• Boost the action and release of insulin…
  • Help patients lose weight without restrictive diets…
  • Help improve blood pressure and lower “bad” cholesterol and triglycerides…
  • Fight the deadly and debilitating complications of diabetes…
  • And, above all, to do it naturally — free from drugs that can trigger other nasty side effects.


But here’s the game changer. It’s all very well designing a new formula and telling people that it should work for them in theory… but it’s quite another matter proving it in a rigorous, double-blind, placebo controlled clinical trial. 

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So, I think it might be worth adding a supplement of 3 or 6g of cinnamon daily for week or two and see what it does to bodyfat stores. As high or fluctuating blood sugar stimulates fat storage, anything that will control and reduce blod sugar will help our attempts to reduce body fat stores.

I’ll let you know how I get on – perhaps you’lltry it too and report back here?

 

Eat Clean   Live Well   Feel Great

 

Jax

 

WARNING Fructose = Diabetes T2 & IBS – Don’t Eat It !

This Dirty Little Secret Increases Your Diabetes Risk

This article is from one of my favourite websites……..
Dear Reader,

I can give you plenty of good reasons to avoid fructose, but all you need is one: Type 2 diabetes.

A new study highlights diabetes and all the other key reasons why it’s essential to avoid this dangerous component of processed foods and soft drinks.

The research findings speak for themselves

When I read that US researchers at the University of California, Davis (UCD), recently presented a new fructose study at the American Diabetes Association 67th Annual Scientific Sessions in Chicago, something rang a bell. That ringing came from eight years ago, in an e-Alert I sent our members about a UCD study from some of the same researchers who mounted this new study.

The 2002 UCD study reported on animal testing that showed how fructose consumption contributed to insulin resistance, high blood pressure, and elevated triglyceride levels — three of the core symptoms of metabolic syndrome. Other metabolic syndrome symptoms include excessive abdominal fat, high C-reactive protein level, and low HDL (‘good’) cholesterol. Three or more of these symptoms put a patient at high risk of developing Type 2 diabetes and heart disease.

In the conclusions to their 2002 study, the UCD team noted that a high intake of fructose might increase body weight and encourage insulin resistance.

Five years later, a study of human subjects confirms those results…

The UCD researchers began by giving a series of tests to assess heart disease risk in 23 overweight adults, aged 43 to 70.

Study profile:

* For two weeks, each subject ate a strict diet that consisted of 30 per cent fat, and 55 per cent complex carbohydrates.

* After the first phase was complete, subjects were allowed to eat whatever they liked for eight weeks, along with three sweetened beverages each day that supplied a quarter of their energy intake — about half the group drank a glucose beverage while the other half drank a fructose beverage.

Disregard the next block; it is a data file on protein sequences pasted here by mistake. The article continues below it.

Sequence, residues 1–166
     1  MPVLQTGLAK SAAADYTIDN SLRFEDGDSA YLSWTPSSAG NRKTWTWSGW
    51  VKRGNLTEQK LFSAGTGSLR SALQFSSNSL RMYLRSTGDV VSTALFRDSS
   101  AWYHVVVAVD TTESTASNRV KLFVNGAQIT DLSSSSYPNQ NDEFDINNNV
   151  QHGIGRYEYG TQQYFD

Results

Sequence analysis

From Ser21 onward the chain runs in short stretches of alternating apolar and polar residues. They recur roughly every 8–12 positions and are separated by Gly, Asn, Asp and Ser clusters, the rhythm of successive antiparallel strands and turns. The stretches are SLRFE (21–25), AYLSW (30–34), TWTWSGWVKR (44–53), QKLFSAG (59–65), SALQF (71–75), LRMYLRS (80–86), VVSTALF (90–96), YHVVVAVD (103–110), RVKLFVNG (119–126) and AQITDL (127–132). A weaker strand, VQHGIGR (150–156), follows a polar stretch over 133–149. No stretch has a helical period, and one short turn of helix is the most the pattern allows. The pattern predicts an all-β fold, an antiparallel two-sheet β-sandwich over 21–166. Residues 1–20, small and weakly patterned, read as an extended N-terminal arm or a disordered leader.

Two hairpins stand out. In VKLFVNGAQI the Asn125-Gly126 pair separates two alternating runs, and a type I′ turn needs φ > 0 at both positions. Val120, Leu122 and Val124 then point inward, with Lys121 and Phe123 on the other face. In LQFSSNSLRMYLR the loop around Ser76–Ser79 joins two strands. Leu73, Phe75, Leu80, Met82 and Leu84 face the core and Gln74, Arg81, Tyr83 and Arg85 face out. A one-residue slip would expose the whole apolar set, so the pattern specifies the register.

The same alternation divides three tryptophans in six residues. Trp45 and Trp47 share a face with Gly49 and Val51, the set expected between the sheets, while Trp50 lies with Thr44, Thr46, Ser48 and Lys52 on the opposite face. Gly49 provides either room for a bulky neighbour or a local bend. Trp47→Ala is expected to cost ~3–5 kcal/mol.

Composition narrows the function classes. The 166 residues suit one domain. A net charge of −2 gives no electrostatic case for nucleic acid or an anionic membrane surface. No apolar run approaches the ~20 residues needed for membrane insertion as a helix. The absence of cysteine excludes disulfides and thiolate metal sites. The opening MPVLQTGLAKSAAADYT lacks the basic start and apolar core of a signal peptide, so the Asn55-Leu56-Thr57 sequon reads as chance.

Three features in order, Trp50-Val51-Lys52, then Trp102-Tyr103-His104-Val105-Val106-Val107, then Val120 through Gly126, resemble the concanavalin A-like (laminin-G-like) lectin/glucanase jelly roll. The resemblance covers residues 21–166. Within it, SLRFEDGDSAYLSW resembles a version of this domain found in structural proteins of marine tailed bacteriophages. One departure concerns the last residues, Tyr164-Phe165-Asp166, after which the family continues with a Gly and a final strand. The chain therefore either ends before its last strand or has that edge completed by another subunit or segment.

* After the second phase was complete, subjects returned to the 30/55 diet while continuing with their daily drinks.

* Throughout the study, further checks of heart disease indicators occurred at two, eight, and 10 weeks.

Results showed that just two weeks after subjects began drinking sweetened drinks, triglyceride (blood fat) levels were up in the fructose group, but had actually dropped in the glucose group.

Over the entire range of the study, LDL (‘bad’) cholesterol increased and insulin sensitivity decreased in the fructose group but didn’t change in the glucose group. In addition, fructose subjects gained about three pounds overall, but no weight gain was reported in the glucose group.

Fructose by any other name…

UCD researcher, Dr Peter J. Havel (who participated in both the 2002 and 2007 studies), told WebMD Medical News that most people get added sugars in their diet from daily beverages — which tends to be a lifelong habit, far exceeding the two weeks in which fructose quickly had an adverse effect on triglycerides.

So what exactly is in that vast array of choices in the beverage aisle?

Checking the ingredients of your soft drink, sports tea, vitamin water, power drink, etc, you might wonder what the difference is between fructose, high fructose corn syrup, and crystalline fructose. Is one better than the other? Well… put it this way: If only part of your house is on fire, your house is still on fire.

The average high fructose corn syrup is made up of about 50 per cent fructose.

But according to the Sugar Association (sugar.org), increased fructose content of HFCS is becoming more common. Some of these syrups contain more than 90 per cent fructose.

And then there’s crystalline fructose that’s present in many ‘health’ drinks and vitamin-enhanced beverages. But does the process of crystallizing magically transform fructose into something healthy? Let’s look at the contents. According to the Fructose Information Center (fructose.org), crystalline fructose contains nearly 100 per cent fructose. And just to make it even less appealing, it contains traces of lead, chloride, and arsenic. Yum! And keep in mind this information comes from an association that ADVOCATES fructose use and consumption.

All of this is very bad news for those who are fructose intolerant and don’t even know it. They may suffer from chronic problems such as irritable bowel syndrome without making the connection between their condition and their fructose intake.

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Interesting, eh?

So, from now on don’t buy anything containing fructose!! It’s not harmless fruit sugar.

You’ll find it in Diabetic jams, chocolates, sweets or soft drinks.  Stop adding fructose to your baking too!!

 

Use either table sugar or Stevia / Truvia which is the ONLY safe sweetener I have ever come across.

 

Eat Clean    Live Well    Feel Great

 

Jax